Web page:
O.S. Amuda and F.E. Adelowo-Imeokparia

EXPERIMENTAL Refuse was collected from three major waste dumps located at Ojota, Aboru and Ipaja. The wastes were incinerated at 900 °C. The ashes were air-dried, pulverized, separated with a 3 mm sieve, mixed thoroughly and stored at room temperature. A 50 g of ash sample from each of the three refuse dump sites were weighed and spiked with pre-deuterated PAH Cocktail as internal standard (IS) mixture acenaphthalene-d10, phenanthrene-d10 and crysene-d10 (Supelco, USA), and then extracted in a Soxhlet extractor for 8 h with 300 mL of 1:1 benzene: methanol. A 10 g of the crude extract were adsorbed onto 100 g silica gel (Fisher Scientific, 28 - 200 mesh) which had been washed with methylene chloride and activated at 260 °C. Samples and solutions were protected from light during extraction and isolation. Benzene, toluene, methylene chloride and hexane were A.C.S. certified (Fisher Scientific, Fairlawn, New Jersey). PAH were isolated in the methylene chloride fraction eluted in the final silica gel chromatographic steps for each extract. These fractions were carefully evaporated at 30 °C and 1 mL of toluene was added immediately. The toluene-soluble portion of the PAH was analyzed using fused silica capillary gas chromatography with mass selective detector (MSD) and combined gas chromatography-mass spectrometry. The fractions were chromatographed on a Varian 3700 GC which was fitted with Hewlett-Packard (HP) SE 54 fused silica capillary column (18 m x 0.2 mm i.d.) to obtain quantitative data for major PAH compounds. The carrier gas was helium at a linear velocity of 36 cm.s-1. Detector and injector temperatures were maintained at 300 °C and 250 °C, respectively. Various isothermal column oven temperature ranging from 180 to 230 °C at 3 °C min-1 were used for each isolated sample to resolve individual PAH from other sample components and possible isomers over a relatively wide range of molecular weight (150-300). The PAH were identified by comparison of retention data with those of standard compounds (PAH standards Kit plus triphenylene) obtained from Analabs, Incorporation (North Haven, California). A modified Varian 3700 GC fitted with a HP SE 54 fused silica capillary column (15 m x 0.2 mm i.d.) and connected to a Varian MAT 112 S mass spectrometer (electron energy 70 eV, filament current 7 µA), the oven temperature programmed from 150 °C to 300 °C at 3 °C min-1 using helium as carrier gas at the flow rate of 2 mL min-1 was used to obtain electron impact (EI) spectra for the detection of the most abundant PAH species, and negative chemical ionization (NCI) mode for the detection of highly sensitive compounds, that capture electrons.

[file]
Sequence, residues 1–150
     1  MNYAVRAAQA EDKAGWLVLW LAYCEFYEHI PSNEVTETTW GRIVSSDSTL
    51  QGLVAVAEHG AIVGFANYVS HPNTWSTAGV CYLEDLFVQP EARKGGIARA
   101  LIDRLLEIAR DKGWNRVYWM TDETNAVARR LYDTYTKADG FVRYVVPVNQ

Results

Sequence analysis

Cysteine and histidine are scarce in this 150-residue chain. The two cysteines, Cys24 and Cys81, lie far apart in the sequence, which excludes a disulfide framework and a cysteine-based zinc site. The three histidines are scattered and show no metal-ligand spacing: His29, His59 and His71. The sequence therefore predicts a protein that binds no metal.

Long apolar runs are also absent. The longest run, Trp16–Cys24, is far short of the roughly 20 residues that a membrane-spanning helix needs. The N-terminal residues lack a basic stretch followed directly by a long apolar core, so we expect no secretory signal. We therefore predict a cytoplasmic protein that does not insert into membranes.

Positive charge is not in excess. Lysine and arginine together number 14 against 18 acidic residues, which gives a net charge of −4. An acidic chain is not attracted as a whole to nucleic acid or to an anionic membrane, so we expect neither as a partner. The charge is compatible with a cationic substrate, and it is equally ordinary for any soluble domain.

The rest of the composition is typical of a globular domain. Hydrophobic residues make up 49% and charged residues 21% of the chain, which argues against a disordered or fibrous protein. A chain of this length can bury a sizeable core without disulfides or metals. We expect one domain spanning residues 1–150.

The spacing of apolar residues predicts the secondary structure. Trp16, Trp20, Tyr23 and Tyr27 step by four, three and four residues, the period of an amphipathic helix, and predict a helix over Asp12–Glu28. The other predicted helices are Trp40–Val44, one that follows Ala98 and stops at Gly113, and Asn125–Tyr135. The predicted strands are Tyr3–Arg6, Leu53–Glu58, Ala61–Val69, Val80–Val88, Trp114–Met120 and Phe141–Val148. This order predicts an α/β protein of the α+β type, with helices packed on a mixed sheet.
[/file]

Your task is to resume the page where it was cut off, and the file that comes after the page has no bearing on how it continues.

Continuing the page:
RESULTS AND DISCUSSION Table 1 lists the concentrations of phenanthrene, anthracene and fluoranthene in the refuse ashes of the three sites under study. The accuracy of the method was assessed by recovery experiments in which several PAH standards were carried through the isolation procedure. The results of the PAH standards, PAH recoveries and percentage recoveries are given in Table 2. In all the cases, recoveries of PAH were greater than 70 %. Table 1. Phenanthrene, anthracene and fluoranthene in the refuse ashes location. Location Aboru Ojota Ipaja